Dial H #2: Pelican Army!

Pelican Army! PELICAN ARMY! I'm not sure you understand. PELICAN ARMY!

Andy Hunsakerby Andy Hunsaker

Dial H #2

I told you what kind of party Dial H was going to be with its first issue. It is still that kind of party, because of Pelican Army.

Sure, I could tell you what happens in this issue, as the confused and portly Nelson Jent continues trying to solve the problem his best and only friend is mixed up in. I could mention the disturbingly creepy and erratic new antagonist named The Squid who is half-erudite and half-thuggish and all nasty, even to his supposed cohort Ex Nihilo. I might also note the arrival of a mysterious third party, a cloaked, masked red-haired woman who fights Jent at first, then comes around to realize she needs to school the man.

But really, the reason to read Dial H is the whacked-out superhero concepts that writer China Miéville is cranking out. Such as Pelican Army. PELICAN ARMY.  PELICAN ARMY!

You see him in the image above. Long Amish beard, old-timey French soldier uniform, in command of a battalion of waterfowl. He's only in one panel on the first page as a throwaway joke, showing us Jent running a bunch of tests on the mysterious rotary-dial phone booth that gives him the ability to transform into various weird super-identities – all of which stick in his mind even after they wear off physically. "I wish I could forget being Rancid Ninja," Jent laments to himself at one point. However, if Pelican Army doesn't make a larger appearance at some point, that's something I will lament to the world at large.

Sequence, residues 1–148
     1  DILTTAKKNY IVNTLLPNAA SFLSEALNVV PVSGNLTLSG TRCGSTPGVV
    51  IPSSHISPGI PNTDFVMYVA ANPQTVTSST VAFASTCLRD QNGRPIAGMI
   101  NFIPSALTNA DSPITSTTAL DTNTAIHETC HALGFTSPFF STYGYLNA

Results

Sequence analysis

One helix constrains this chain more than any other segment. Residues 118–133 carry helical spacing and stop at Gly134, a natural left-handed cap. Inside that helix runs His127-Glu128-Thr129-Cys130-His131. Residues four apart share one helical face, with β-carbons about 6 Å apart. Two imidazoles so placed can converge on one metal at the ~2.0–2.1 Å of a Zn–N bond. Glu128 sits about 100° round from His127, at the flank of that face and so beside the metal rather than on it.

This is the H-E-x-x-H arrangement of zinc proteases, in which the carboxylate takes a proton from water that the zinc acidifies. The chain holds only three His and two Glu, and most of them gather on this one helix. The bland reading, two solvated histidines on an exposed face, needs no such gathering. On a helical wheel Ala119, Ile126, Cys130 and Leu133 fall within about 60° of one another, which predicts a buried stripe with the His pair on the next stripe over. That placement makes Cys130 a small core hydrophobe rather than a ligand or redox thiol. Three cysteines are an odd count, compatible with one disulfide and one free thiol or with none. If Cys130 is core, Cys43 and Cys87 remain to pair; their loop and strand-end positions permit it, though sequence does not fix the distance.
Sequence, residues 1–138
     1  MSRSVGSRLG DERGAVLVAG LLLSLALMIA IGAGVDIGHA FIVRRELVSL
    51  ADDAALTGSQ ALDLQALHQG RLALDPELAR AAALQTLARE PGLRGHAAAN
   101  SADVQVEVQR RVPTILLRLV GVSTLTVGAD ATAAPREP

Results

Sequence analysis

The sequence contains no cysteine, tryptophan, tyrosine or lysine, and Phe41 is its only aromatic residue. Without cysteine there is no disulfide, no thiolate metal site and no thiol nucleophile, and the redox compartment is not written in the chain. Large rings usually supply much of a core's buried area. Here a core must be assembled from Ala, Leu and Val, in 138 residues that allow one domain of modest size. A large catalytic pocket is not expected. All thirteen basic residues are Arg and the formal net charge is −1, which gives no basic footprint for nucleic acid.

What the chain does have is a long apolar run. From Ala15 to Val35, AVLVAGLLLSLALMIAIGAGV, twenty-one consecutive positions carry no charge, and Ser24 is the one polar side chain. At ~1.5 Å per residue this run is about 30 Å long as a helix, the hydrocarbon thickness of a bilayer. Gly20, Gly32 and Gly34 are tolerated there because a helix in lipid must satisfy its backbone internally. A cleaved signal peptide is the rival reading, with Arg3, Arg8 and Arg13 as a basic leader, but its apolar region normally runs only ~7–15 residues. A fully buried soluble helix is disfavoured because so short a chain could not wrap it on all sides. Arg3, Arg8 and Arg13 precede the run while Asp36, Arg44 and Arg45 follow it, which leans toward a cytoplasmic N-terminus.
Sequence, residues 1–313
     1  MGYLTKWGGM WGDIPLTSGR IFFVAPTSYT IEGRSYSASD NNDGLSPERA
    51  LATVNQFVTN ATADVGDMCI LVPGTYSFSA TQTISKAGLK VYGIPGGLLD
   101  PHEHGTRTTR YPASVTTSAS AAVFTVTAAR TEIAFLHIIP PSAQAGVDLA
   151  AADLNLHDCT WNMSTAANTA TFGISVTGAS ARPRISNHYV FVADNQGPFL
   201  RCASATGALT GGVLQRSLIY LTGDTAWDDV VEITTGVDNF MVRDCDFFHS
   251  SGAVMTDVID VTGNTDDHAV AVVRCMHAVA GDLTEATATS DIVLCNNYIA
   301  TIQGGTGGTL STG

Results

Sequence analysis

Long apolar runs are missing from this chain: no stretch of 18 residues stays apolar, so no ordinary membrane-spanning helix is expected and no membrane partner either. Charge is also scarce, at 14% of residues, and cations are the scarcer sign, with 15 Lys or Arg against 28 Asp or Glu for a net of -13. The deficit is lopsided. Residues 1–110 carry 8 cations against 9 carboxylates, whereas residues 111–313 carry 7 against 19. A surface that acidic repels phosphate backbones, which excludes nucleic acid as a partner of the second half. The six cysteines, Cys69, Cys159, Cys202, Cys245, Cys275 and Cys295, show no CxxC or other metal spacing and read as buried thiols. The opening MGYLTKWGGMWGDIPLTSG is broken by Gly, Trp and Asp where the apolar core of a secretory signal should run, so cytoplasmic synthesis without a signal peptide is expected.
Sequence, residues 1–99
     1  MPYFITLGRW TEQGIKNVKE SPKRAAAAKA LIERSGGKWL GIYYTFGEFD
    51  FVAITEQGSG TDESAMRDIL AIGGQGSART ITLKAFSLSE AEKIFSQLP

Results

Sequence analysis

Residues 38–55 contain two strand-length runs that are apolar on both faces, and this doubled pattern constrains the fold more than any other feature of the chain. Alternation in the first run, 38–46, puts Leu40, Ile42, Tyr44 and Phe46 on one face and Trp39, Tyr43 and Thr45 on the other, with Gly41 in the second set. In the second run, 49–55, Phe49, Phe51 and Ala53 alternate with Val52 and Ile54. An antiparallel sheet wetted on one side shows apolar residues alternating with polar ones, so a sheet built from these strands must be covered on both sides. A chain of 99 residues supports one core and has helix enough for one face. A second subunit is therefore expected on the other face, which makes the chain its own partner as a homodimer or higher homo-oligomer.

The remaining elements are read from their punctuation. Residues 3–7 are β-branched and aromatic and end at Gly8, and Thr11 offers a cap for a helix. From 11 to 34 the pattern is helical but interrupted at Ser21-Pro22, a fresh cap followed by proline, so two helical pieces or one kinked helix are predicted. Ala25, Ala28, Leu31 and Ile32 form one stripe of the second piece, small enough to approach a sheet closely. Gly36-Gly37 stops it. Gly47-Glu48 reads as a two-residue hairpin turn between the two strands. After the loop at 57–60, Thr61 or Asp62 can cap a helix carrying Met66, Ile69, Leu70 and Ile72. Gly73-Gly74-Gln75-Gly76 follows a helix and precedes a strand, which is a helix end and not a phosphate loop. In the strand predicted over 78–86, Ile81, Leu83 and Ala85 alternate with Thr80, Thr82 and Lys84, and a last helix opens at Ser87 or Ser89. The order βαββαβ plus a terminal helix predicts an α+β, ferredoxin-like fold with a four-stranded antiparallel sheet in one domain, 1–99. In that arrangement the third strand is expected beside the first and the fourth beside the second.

PELICAN ARMY!

Last issue, we saw Boy Chimney, The Child King of Emissions and Captain Lachrymose. In Dial H #2, we see Shamanticore, Double Bluff, Hole Punch, the Human Virus, Skeet, Control-Alt-Delete (whose head is a monitor and whose face is made up of emoticons) and The Iron Snail, who is essentially G.I. Joe with a gigantic snail shell strapped to his back and rolling on a tank tread. This stuff is batshit. Wonderfully, wonderfully batshit.

It remains to be seen if Miéville can keep up the imaginative madness or if he'll lose steam several issues down the line, but for now, it's a joy to read, and the sight of Pelican Army made me decide I'm going to love this series. Mateus Santoluoco has a hell of a job in front of him in making these character designs come to life, but he does it perfectly, setting these wildly insane concepts in a murky and dark world, bringing us a balance between the ridiculous and the dramatic.

If you like the weird stuff like MODOK and the Bi-Beast, you'll probably enjoy the heck out of Dial H.

8.5